This lab was all about vectors, and finding their components using trigonometry.  I hung a wooden block from a washer and then hung the washer from two different pulleys and put different weights on each pulley so that the set up was NOT symmetric.  The students had to determine the weight of the block from the setup without actually weighing the block.  They knew there were three forces on the washer, the block pulling down with its weight, and the two forces from the strings pulling up at different angles.  Since the washer is NOT accelerating, we know from Newton’s second law, net Force = mass x acceleration, that the net Force on the washer is zero.  So the forces along the vertical must add up to zero and the forces in the horizontal direction must add up to zero.  Students measured the angles of the strings (forces) and wrote down the masses attached to the strings.  Then they calculated the horizontal (x) and vertical (y) components of each force using sines and cosines. Since they know the forces exerted by the string, they just have to solve for the weight of the block.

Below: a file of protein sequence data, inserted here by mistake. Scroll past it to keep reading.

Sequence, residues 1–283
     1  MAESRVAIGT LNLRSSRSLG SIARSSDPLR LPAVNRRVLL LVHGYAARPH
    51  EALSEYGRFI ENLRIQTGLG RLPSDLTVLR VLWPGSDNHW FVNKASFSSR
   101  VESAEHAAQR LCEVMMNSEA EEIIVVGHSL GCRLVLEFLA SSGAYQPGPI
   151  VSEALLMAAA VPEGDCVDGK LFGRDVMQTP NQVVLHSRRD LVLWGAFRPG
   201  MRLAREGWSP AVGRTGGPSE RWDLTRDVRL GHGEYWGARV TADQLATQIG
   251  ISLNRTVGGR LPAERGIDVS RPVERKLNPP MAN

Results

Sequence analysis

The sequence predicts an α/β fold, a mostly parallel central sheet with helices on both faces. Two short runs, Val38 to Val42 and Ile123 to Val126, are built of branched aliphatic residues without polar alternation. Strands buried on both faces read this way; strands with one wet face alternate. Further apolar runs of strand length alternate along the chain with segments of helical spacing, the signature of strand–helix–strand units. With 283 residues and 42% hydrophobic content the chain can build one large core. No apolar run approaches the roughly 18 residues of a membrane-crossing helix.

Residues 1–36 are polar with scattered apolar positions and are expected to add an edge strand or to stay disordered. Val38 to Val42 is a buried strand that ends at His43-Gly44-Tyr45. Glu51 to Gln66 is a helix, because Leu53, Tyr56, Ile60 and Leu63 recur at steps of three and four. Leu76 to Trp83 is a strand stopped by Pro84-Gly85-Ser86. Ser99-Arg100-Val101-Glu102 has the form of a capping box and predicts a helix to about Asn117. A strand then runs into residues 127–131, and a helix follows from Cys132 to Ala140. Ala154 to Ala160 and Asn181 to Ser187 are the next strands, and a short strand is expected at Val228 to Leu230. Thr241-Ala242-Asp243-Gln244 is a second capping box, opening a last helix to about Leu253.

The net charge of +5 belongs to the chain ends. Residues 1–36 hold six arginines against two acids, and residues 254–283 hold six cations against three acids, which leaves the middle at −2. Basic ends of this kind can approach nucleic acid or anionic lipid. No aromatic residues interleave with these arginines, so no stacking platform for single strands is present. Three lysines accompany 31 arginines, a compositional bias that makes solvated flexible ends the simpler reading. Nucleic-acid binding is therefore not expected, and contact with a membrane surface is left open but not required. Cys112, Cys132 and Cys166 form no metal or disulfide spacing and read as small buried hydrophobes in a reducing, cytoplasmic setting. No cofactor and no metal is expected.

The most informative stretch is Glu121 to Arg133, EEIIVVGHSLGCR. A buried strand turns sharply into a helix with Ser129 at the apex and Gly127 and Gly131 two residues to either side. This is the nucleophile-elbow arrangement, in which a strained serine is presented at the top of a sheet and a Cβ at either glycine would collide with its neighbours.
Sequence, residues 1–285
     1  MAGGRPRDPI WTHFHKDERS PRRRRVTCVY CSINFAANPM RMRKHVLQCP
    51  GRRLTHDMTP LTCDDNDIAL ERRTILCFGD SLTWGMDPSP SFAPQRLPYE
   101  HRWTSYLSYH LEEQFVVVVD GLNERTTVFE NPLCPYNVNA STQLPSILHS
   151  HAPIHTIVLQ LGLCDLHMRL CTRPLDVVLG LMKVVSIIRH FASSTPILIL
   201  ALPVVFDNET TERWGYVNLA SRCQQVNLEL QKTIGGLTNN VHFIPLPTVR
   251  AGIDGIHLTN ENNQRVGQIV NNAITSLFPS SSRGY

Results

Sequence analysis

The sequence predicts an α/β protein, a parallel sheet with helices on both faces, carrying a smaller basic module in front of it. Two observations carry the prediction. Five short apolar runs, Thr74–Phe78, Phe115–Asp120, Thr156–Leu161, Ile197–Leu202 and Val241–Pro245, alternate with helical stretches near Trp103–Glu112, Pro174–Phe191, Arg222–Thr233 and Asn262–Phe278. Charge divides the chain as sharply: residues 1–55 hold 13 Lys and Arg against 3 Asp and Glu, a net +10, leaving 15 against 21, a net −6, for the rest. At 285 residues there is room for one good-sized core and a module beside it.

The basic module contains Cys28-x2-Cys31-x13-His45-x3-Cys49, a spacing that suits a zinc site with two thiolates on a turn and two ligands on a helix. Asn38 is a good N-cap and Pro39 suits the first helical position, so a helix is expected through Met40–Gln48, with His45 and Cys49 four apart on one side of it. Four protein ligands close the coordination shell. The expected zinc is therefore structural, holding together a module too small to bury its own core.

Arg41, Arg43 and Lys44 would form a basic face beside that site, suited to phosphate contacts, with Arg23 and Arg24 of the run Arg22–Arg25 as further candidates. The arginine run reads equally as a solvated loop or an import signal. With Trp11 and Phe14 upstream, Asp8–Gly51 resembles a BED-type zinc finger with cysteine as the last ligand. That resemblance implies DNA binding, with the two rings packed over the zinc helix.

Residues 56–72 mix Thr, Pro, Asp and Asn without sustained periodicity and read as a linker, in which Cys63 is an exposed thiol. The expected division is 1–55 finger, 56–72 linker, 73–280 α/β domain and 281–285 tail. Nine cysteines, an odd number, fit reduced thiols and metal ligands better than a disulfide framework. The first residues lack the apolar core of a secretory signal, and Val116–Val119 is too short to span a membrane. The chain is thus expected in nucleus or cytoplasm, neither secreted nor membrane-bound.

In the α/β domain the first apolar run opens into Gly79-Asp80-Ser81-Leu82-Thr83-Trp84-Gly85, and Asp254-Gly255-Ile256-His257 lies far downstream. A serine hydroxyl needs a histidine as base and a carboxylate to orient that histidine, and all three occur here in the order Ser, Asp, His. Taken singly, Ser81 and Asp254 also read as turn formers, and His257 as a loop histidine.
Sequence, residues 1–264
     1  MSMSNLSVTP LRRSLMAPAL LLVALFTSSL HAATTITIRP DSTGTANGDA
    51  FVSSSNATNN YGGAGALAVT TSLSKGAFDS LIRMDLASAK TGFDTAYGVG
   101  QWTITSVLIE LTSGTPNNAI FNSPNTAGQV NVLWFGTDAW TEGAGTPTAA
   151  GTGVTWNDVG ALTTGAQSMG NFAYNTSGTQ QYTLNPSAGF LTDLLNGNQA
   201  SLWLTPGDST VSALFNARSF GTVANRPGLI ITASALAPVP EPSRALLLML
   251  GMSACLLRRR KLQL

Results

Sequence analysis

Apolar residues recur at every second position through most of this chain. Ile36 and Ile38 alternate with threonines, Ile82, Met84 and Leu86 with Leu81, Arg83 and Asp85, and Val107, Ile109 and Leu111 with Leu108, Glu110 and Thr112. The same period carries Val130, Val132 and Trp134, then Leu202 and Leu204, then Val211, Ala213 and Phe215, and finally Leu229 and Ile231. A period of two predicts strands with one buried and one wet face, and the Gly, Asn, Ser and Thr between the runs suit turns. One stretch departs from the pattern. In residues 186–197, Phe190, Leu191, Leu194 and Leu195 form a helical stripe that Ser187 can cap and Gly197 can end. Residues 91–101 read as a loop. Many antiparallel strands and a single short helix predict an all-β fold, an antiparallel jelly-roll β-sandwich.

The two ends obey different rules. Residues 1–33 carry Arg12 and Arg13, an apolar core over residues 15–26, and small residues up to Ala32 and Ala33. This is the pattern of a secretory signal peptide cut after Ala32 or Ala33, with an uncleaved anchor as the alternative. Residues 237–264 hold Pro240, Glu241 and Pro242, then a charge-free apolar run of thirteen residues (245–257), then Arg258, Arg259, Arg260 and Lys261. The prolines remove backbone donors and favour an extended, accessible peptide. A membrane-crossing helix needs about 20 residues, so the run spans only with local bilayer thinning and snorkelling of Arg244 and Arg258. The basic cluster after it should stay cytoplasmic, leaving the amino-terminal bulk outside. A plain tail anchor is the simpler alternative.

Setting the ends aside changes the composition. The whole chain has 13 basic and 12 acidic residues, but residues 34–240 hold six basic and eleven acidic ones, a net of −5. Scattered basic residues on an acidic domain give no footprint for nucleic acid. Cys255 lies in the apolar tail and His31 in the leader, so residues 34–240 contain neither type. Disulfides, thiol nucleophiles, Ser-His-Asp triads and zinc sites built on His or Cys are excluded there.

I explained how I remember the sines and cosines, with Tommy’s Old Aunt Sat On Her Cat And Hollered.   Tan (theta) = Opp/Adj,  Sin (theta)  = Opp/Hyp  and Cos (theta)  = Adj/Hyp.  Here’s a nice webpage that explains what I’m talking about: https://www.mathsisfun.com/sine-cosine-tangent.html

We did a number of problems from an old textbook I had, and then I gave them the Trigonometry Pile Up that I found on pinterest.  Its like a brain teaser puzzle but you have to use trig to solve it.   The problem consists of pile of triangles and some information is given for each triangle, but you have to work your way up from the bottom to the find the length of the triangle on top of the pile.  Lots of practice using cosines, sines and even pythagorean theorem.  Rounding too soon did make some differences in the final answers so make sure they keep a few extra digits til they get to the top.  This exercise gave them a lot of practice with the trig functions so hopefully they’l know what to do next time they need one.